An inclusion and exclusion criteria was set to carefully evaluate the patients in order to identify the exact cause and to select only primary infertile people. All male patients underwent semen analysis according to WHO's recommendations (WHO, 1991) in respective hospital's lab and were categorized as azospermia, asthenospermia, oligospermia and oligonecrospermia. In female patients, presence of ovulation was confirmed by measurements of serum progesterone in mild luteal phase. Tubal patency was also investigated by hysterosalpinography. Endocrine hormone, i.e. FSH level of patients were also measured. General exclusion criteria included chemotherapy, radiotherapy and illness. Individuals with history of karyotypes abnormality, cystic fibrosis, AIDS, hepatitis or any other contagious/viral infections were excluded. The women giving history of corrective surgery of vagina and uterus were excluded.
Serum FSH was measured by a microplate immune enzymatic assay using immunoassay kit, catalog number: BC-1029 (BioCheck, Inc. Foster City, Canada). Standard protocol as mentioned in the kit was used for all samples.
For isolation of genomic DNA from whole blood Wizard® Genomic DNA Purification Kit, (Promega) was used. Manufacturer recommendations were followed for isolation of DNA.
For determination of ERα genotype, polymerase chain reaction restriction fragment length polymorphism (PCR-RFLP) analysis was performed. For determination of PvuII (c.454 -397 T > C) and XbaI (c.454 -351 A>G) polymorphisms, PCR amplification of the polymorphic regions was performed using oligonucleotide primers as described elsewhere (Safarinejad et al., 2010). For PCR amplification, total volume of reaction mixture was 50 µl which consisted of 25 µl master mix (Fermentas #K0171), 1 µl (10 pmol) of each forward and reverse primer and 5 µl of template DNA. To differentiate c.454-397 T/C (PvuII) and c.454-351 A/G (XbaI) polymorphisms, digestion of the amplified PCR fragment of 1372 bp was performed with PvuII (Fermentas#ER0631) and XbaI (Fermentas#ER0681) restriction enzymes, separately. The reaction mixture was mixed gently and spins down for few seconds. Then the reaction vials were kept at 37 °C water bath for 1 hour and stored at -20 °C until visualization on ethidium bromide stained 2.0 % agarose gel by gel doc.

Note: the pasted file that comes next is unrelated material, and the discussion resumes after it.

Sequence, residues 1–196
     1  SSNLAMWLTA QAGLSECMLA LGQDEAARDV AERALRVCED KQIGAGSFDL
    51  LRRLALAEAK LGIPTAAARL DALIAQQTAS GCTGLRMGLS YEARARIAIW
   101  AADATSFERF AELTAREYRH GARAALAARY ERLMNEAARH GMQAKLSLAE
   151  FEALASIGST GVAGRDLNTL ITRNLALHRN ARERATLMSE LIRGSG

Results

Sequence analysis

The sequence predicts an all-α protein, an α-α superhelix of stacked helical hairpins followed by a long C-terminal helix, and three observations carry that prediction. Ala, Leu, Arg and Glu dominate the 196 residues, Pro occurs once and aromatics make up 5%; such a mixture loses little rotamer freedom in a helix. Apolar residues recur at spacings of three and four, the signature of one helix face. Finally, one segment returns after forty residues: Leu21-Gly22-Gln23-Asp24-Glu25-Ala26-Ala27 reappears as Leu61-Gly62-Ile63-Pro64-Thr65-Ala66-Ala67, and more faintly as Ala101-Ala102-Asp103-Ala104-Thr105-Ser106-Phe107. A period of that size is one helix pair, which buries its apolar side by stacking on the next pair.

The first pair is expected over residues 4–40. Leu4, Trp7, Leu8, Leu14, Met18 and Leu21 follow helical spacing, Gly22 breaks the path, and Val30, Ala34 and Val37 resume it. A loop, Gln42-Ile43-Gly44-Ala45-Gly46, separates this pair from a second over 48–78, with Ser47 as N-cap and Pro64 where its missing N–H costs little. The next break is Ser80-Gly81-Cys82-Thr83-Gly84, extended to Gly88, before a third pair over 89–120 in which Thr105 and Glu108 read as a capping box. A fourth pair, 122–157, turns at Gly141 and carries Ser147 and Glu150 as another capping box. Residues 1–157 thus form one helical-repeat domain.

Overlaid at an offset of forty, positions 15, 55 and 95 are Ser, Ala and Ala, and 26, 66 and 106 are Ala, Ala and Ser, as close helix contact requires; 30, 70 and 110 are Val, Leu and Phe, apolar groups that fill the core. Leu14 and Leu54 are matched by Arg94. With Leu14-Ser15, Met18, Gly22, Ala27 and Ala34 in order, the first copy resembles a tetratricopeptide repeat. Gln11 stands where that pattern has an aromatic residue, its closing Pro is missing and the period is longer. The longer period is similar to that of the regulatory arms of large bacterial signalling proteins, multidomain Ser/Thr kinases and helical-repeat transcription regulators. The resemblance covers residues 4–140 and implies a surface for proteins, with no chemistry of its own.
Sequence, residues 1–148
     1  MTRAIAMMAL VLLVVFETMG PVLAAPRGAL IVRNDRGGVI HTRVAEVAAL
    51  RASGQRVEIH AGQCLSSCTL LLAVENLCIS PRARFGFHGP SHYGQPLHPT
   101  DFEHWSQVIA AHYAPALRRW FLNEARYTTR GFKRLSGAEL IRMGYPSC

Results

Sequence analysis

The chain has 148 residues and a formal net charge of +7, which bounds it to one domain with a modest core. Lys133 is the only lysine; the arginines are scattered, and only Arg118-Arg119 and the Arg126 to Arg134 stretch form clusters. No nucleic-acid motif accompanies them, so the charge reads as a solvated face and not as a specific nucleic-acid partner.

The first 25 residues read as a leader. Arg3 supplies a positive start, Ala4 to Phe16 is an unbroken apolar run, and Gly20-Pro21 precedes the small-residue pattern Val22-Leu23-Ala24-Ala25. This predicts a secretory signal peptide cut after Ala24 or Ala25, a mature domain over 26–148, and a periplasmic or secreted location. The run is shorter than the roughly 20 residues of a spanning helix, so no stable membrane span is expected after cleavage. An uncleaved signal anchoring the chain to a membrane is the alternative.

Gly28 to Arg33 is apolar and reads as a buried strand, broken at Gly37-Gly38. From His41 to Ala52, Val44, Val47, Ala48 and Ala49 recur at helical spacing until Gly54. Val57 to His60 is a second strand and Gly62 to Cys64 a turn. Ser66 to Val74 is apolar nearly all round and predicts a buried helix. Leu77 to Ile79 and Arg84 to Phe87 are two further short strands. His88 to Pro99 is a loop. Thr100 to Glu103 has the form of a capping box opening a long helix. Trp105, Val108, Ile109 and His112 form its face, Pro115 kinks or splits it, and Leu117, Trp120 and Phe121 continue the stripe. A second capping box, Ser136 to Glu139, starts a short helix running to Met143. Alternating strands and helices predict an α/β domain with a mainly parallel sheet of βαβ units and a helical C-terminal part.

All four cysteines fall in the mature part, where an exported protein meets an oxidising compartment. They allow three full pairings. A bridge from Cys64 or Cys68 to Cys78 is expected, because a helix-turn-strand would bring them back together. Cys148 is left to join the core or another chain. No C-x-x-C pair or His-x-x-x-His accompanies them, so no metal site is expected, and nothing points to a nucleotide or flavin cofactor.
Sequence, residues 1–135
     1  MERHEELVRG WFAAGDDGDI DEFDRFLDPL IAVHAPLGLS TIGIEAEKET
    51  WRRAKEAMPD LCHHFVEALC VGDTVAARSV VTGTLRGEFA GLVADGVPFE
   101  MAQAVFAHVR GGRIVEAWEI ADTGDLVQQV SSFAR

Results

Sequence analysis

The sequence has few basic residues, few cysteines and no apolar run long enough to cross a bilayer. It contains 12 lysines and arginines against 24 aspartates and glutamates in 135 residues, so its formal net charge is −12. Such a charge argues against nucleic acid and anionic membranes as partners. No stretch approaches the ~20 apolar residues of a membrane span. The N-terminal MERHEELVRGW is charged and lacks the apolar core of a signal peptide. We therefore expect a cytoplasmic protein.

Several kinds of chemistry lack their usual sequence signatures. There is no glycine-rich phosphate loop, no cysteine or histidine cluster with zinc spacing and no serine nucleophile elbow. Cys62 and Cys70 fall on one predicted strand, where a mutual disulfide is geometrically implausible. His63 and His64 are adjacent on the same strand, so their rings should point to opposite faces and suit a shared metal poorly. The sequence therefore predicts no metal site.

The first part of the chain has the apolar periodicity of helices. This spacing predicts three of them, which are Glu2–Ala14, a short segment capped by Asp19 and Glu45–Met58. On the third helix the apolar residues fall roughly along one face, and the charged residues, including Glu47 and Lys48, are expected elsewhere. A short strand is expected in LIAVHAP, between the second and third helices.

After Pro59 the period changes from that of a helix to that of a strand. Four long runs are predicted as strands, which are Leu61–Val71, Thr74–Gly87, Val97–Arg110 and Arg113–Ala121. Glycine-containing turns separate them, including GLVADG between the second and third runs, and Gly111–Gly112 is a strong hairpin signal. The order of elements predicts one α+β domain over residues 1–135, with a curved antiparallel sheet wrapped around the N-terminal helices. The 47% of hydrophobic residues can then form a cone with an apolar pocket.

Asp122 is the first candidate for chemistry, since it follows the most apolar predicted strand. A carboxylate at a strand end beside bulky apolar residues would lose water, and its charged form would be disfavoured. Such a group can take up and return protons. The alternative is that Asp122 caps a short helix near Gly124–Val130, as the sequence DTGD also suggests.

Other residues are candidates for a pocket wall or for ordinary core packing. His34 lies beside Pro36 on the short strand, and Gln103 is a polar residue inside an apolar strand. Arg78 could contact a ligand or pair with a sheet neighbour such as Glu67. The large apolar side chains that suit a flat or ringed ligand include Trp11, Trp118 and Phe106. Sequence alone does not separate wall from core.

The RsaI (1082 G>A) polymorphism in ERβ gene was identified by PCR amplification and restriction enzyme digestion. Total volume of reaction mixture for PCR amplification was 25 µl consisting of 12.5 µl of master mix (fermentas #K0171), 2 µl (32 pmol) of each forward and reverse primer, and 2 µl of template DNA. For restriction digestion, the amplified fragment was digested with RsaI (Fermentas#ER1121). The reaction mixture was mixed gently and spins down for few seconds. Then the reaction vials were kept at 37°C water bath for 1 hour and stored at -20°C until visualization on ethidium bromide stained 2.0 % agarose gel. The primers, PCR conditions, restriction enzymes, and DNA fragment sizes are listed in Table 1(Tab. 1).